By Marc Davies
A DA march against Cosatu’s opposition to youth wage subsidies became tense after members of Cosatu stormed the march and threw rocks at DA supporters.
The supporters in blue gathered on Tuesday morning in Braamfontein, Johannesburg, to march against Cosatu’s dismissal of a youth wage subsidy which the DA claims would create over 420 000 jobs for young, unemployed South Africans.
Members of Coastu allegedly stormed the DA’s peaceful march and threw rocks at those wearing the signature blue shirts. At least one DA supporter was badly injured as well as Mail & Guardian journalist Nickolaus Bauer who sustained injuries to the head.
Several journalists on the scene confirmed that some members of the DA crowd retaliated by throwing rocks back at Cosatu members. Police had formed a line in front of the Cosatu camp to prevent physical confrontation, yet resorted to firing teargas at Cosatu supporters in an attempt to halt the violence. Intimidated DA members then removed their blue shirts and retreated.
In a statement released before the march on Monday, ANC spokesperson Jackson Mthembu requested the DA to abandon its “mind-boggling” decision to march on Cosatu’s renewed headquarters in the city, saying the decision was “opportunistic, ill-informed” and would create unnecessary tension.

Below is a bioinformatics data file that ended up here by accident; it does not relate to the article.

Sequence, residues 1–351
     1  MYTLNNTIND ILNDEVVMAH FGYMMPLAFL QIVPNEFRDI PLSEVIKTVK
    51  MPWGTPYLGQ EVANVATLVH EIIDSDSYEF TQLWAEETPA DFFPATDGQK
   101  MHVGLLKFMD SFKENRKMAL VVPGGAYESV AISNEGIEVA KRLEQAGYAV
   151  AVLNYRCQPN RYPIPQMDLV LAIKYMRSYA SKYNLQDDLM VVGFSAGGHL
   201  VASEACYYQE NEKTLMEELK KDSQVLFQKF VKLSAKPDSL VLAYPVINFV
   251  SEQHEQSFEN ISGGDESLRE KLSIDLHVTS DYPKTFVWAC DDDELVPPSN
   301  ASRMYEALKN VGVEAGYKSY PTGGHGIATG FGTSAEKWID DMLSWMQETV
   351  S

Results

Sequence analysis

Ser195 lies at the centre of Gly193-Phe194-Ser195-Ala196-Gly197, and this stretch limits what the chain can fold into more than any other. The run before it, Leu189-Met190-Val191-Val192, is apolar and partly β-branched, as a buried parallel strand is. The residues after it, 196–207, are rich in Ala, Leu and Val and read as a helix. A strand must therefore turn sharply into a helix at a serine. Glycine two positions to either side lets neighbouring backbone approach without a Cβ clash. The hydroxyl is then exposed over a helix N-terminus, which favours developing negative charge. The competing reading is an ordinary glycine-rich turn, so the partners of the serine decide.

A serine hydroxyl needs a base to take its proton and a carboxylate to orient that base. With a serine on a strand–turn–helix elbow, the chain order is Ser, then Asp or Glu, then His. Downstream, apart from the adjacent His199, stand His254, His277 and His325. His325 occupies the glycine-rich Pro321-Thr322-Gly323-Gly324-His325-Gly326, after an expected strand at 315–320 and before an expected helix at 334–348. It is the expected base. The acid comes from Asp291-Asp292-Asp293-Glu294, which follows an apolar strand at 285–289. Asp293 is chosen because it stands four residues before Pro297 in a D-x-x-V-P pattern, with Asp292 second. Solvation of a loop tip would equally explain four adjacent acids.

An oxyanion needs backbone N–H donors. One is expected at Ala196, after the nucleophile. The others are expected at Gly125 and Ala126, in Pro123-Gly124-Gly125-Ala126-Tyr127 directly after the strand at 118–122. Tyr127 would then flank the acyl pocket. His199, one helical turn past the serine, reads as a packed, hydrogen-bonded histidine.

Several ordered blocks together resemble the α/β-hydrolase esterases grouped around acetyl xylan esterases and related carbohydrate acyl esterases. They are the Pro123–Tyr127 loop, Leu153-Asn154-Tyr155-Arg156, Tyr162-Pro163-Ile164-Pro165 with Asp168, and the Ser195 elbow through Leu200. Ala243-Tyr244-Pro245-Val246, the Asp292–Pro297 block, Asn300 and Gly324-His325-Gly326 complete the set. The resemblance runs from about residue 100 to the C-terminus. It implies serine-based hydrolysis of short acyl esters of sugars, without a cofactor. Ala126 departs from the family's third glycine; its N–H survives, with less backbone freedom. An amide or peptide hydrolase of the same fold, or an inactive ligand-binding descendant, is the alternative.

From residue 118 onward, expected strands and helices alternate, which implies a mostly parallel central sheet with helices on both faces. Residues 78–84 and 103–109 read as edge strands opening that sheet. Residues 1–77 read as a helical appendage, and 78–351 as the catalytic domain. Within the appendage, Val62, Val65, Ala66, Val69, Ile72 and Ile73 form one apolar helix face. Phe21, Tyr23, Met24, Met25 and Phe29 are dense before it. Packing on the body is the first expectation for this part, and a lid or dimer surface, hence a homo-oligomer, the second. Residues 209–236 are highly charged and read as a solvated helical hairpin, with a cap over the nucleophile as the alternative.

DA parliamentary spokesperson Lindiwe Mazibuko says she had written to Cosatu’s general secretary Zwelenzima Vavi on Friday to request a meeting with the trade union on the matter of youth wage subsidies, a request which was quickly snubbed. Cosatu spokesperson Patrick Craven said, “Cosatu sees no benefit… in discussing these issues with the [DA], with whom we have fundamental ideological differences on many issues”, according to the Mail & Guardian. Craven added that the federation views the youth wage subsidy as a “completely bogus solution” to the unemployment crisis among youth.
Cosatu affiliates, including the National Union of Metalworkers South Africa (NUMSA), called the DA’s march “class provocation” and said it marks the beginning of “open class warfare” that will come to characterise the South African landscape. Mthembu mentioned that Cosatu is a private federation with no legal authority over government policy or policy direction, adding that the DA’s decision to march on a private institution “boggles the mind”.
The DA’s KwaZulu-Natal leader, Sizwe Mchunu, tweeted, “Memories of youth lead liberation struggle in June 1976, brought back by COSATU [sic] attacking DA Youth activists with stones. AKONAKELE”. On-the-scene journalist, Phillip deWet, suggested that blame should be shifted to police after “provision and preparation was wildly inadequate” in a tweet following the incident.